Healthcare providers in the U.S. will spend more than $4.4 billion on mobile point-of-care technology in 2015, up from almost $2.8 billion in 2010, representing an annual growth rate of 9.9 percent, according to a new forecast from Intel and research firm IDC Health Insights. The market will expand slightly more rapidly in other Western countries. Counting North America and Europe, spending will increase by 10.5 percent a year, from $4.4 billion last year to $7.2 billion in 2015, including hardware, software and IT services.
By 2015, clinical mobility should represent about 10 percent of the worldwide health IT market. Much of the spending will be on software and back-end support, not just gadgets. "Pervasive computing" is putting more demands on IT staff and infrastructure in, particularly in the areas of connectivity, performance, usability, manageability and security, according to Scott Lundstrom, group vice president of IDC Health Insights.
"A lot more time, a lot more money and a lot more energy goes into the back end than a lot of people think," Lundstrom said at this week's mHealth Summit. Intel and IDC took advantage of the gathering to release a white paper on what they call the "second wave" of clinical mobility.
"For 30 years, we've been talking about this market being right around the corner, and here it is," Lundstrom quipped.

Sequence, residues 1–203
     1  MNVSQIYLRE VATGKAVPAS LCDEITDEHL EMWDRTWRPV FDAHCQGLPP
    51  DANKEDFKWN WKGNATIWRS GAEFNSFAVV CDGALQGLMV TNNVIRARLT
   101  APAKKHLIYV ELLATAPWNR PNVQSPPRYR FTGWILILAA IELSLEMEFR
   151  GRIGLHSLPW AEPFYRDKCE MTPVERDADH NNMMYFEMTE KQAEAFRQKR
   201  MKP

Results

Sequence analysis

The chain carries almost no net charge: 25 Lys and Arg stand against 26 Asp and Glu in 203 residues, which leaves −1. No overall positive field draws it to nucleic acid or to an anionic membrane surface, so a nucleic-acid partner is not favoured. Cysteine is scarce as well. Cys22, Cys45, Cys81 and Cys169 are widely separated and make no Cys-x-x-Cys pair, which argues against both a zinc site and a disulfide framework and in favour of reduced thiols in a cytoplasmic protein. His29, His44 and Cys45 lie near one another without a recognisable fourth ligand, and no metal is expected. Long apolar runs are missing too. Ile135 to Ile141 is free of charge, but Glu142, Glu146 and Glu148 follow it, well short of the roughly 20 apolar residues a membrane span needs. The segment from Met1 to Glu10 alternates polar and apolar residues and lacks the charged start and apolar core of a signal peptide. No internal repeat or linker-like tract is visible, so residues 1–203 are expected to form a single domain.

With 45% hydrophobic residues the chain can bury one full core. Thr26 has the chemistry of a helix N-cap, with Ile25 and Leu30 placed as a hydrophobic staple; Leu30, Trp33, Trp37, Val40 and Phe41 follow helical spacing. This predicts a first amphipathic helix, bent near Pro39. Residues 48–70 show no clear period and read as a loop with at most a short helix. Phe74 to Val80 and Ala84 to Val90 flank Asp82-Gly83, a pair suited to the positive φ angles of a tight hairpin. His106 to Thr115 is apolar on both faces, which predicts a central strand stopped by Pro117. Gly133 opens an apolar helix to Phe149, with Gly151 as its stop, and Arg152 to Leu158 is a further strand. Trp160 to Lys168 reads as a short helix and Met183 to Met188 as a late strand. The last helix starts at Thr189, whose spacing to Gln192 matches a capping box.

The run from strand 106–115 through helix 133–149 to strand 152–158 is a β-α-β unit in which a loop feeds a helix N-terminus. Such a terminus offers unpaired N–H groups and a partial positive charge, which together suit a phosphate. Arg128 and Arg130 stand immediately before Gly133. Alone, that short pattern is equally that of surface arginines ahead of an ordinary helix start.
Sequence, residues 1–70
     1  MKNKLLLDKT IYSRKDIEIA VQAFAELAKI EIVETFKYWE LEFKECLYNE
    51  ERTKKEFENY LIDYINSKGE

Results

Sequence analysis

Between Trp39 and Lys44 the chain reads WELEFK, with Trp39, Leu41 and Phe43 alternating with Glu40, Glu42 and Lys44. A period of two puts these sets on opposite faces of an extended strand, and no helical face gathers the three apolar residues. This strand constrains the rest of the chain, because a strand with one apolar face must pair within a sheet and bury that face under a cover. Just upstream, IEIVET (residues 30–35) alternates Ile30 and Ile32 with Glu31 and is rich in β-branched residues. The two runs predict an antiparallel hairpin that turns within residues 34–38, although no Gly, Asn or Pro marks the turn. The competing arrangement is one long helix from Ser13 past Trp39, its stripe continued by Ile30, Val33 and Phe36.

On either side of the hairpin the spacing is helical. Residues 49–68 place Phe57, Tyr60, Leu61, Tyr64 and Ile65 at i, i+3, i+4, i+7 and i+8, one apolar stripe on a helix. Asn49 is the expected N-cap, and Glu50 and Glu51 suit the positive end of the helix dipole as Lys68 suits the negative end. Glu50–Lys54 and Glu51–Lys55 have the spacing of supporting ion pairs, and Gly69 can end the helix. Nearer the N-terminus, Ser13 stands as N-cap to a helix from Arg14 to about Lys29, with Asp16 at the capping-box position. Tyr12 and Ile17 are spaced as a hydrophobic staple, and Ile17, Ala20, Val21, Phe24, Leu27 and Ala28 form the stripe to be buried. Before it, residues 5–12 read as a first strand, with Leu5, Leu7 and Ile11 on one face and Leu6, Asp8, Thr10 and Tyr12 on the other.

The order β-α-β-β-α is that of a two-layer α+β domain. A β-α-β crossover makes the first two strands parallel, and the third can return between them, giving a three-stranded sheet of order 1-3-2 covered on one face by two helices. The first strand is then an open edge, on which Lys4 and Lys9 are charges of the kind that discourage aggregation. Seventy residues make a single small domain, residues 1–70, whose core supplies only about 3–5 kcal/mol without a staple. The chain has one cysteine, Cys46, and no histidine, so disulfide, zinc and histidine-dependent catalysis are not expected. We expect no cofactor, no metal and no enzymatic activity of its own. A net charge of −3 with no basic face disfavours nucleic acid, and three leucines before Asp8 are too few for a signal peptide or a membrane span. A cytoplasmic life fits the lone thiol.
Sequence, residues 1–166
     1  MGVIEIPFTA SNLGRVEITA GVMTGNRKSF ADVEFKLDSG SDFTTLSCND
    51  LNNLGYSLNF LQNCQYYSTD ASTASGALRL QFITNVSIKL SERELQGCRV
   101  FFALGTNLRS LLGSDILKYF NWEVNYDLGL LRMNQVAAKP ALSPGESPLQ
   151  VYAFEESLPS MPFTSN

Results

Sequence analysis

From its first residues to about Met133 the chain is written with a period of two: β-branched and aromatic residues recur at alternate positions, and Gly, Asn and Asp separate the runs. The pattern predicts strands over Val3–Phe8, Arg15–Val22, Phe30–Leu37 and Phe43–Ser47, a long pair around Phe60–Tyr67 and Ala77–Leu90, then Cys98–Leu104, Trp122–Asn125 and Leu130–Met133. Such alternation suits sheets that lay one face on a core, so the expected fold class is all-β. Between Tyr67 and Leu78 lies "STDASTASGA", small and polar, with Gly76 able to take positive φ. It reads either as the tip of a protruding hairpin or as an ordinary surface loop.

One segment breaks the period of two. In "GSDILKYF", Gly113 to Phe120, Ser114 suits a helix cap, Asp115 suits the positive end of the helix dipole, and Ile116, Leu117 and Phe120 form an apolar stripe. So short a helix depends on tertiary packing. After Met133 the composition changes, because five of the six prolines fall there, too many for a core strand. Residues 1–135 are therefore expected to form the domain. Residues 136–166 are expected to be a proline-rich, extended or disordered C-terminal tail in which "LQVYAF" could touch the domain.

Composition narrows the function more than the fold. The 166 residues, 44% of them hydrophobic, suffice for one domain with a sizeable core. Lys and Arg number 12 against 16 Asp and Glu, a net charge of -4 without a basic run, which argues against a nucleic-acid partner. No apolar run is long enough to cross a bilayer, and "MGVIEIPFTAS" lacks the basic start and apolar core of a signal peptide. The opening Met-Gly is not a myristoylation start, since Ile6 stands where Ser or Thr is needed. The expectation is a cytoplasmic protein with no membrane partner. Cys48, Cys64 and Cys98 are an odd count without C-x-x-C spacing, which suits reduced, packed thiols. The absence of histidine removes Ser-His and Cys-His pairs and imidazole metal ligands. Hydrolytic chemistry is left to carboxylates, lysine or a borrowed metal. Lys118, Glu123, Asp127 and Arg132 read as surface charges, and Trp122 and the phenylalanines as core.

"The next 10 years represent the second wave of clinical mobility. With the consumerization of technology and greater uptake of mobile devices by clinicians who want to use them as they care for their patients, mobile applications will evolve from providing basic view only to bidirectional flows of information enabling better decision making at the point of care and more synchronous communication and collaboration between care team members," the paper states.
Lundstrom noted that efforts to get to "meaningful use" of EHRs, establish accountable care organizations and comply with 5010 transaction standards (January 2012) and ICD-10 coding (October 2013) has held back some U.S. healthcare providers' investment in mobility. However, many organizations will turn to mobile devices for e-prescribing, computerized physician order entry and other elements of meaningful use.
Dr. Mark Blatt, Intel's director of global healthcare strategies, noted that mobile is changing the ways healthcare professionals communicate with each other. "Mobile is synchronous," he noted. "Most healthcare communication is asynchronous." That potentially could mean better coordination of care, but only if the payment systems are reformed. "We have to figure out how to reward synchronous communications," Blatt said.
If these issues get worked out, mobility could promote better decision making both at and away from the point of care, including in patients' homes. "You can think of this as the expansion of clinical interest," Lundstrom said. Point-of-care mobility originally was limited to a few thousand institutions, but now it is becoming available to hundreds of millions of individuals.
"I don't think we appreciate the patient's perspective enough," added Patricia Abbott, a nursing informatics specialist at the Johns Hopkins Center for Global Health.
MobiHealthNews' coverage of the mHealth Summit is brought to you by Preventice.